by Richard W. Wise
Author: The Dawning: 31,000 BC
Of all the caves we visited, Grotte Cougnac won first prize for its natural beauty. In its broad chambers, slender stalactites drip from the high ceilings and translucent tubes cluster in masses like soda straws. Thin stalagmites rise from the floor—some stubby and phallic. Others have mated with stalactites to form elegantly shaped columns that remind us of a cathedral nave by Antoni Gaudi.
Dating back to the early Gravettian Period (33,000, some say 28,000-21,000 BP), its art contains the oldest art of the painted caves clustered around Les Eyzes de Tayak. Some may even be contemporary with the latest art created at Chauvet (31,000 BP). It should be noted that the periods discussed are specific to Central and Western Europe and are based on the evolution not of art but of tool-making technologies.
The art throughout the caves is highly stylized, meaning that the style of the art in one cave adheres to conventions similar to those of other caves with renderings of the same period.
Each figure seems to begin with a gracefully drawn backline that defines the subject's ultimate shape. The outlines are often a single uninterrupted line. The elegance of line indicates a well-trained eye and hand. Drawing on cave walls, there was no way to erase or start over. The animals drawn are realistic, but these are icons. This is not true of Chauvet. The 35,000-year-old art is naturalistic; animals possess a singular individuality not present in the later art. Perhaps, it is the original which provided the basis for the stylization and uniformity which came later.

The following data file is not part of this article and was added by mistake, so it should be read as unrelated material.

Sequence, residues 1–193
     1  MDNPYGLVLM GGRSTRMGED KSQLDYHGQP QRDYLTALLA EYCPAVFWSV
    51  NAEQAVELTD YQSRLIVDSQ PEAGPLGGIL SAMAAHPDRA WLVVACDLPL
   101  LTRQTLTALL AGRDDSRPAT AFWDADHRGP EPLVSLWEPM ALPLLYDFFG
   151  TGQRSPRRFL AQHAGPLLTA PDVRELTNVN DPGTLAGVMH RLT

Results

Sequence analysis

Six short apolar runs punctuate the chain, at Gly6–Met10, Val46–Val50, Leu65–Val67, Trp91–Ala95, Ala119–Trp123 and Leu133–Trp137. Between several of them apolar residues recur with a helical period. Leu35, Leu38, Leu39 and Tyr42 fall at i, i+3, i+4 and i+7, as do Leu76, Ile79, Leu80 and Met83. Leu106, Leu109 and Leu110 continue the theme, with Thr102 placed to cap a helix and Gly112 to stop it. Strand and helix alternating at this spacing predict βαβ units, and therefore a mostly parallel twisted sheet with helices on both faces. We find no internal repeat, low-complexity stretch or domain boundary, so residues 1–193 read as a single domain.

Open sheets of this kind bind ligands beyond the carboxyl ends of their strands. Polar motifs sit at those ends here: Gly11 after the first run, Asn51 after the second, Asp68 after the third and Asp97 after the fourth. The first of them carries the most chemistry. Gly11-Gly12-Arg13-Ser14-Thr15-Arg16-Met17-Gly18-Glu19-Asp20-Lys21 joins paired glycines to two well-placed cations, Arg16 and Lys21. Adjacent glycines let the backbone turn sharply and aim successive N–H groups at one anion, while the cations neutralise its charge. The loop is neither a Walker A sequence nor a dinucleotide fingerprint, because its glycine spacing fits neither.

The images, drawn in wood and bone charcoal and red ochre, include ibex, horses, and a beautifully rendered frieze of megaloceros—an ancient species of giant elk crowned with magnificent racks of antlers (see above). This image is among the oldest, with a Carbon 14 date between 30-24,000 BP. Showing a herd in motion, the frieze is reminiscent of some of the art at Chauvet, though not nearly so well executed. This period corresponded to the last glacial maximum when winter temperatures were at their lowest.
As early as 50,000 years ago, the cave was visited by Neanderthals, who sheltered in the entrance but probably did not explore the cave in depth. The caves were in use by Homo Sapiens for over 10,000 years.
The cave also boasts two rare anthropomorphic figures. One, drawn in charcoal, is of a crudely drawn man-like figure bent forward and pierced by what appears to be seven spears. The other, probably drawn by the same hand, is incomplete, beginning just below the shoulders with three spears, one rather uncomfortably piercing the figure between the buttocks. Dated to 25,000 years BP, these drawings are virtually identical to figures found at Pech-Merle and Lascaux.
Next: The Venus Figures, Part I. Stay tuned.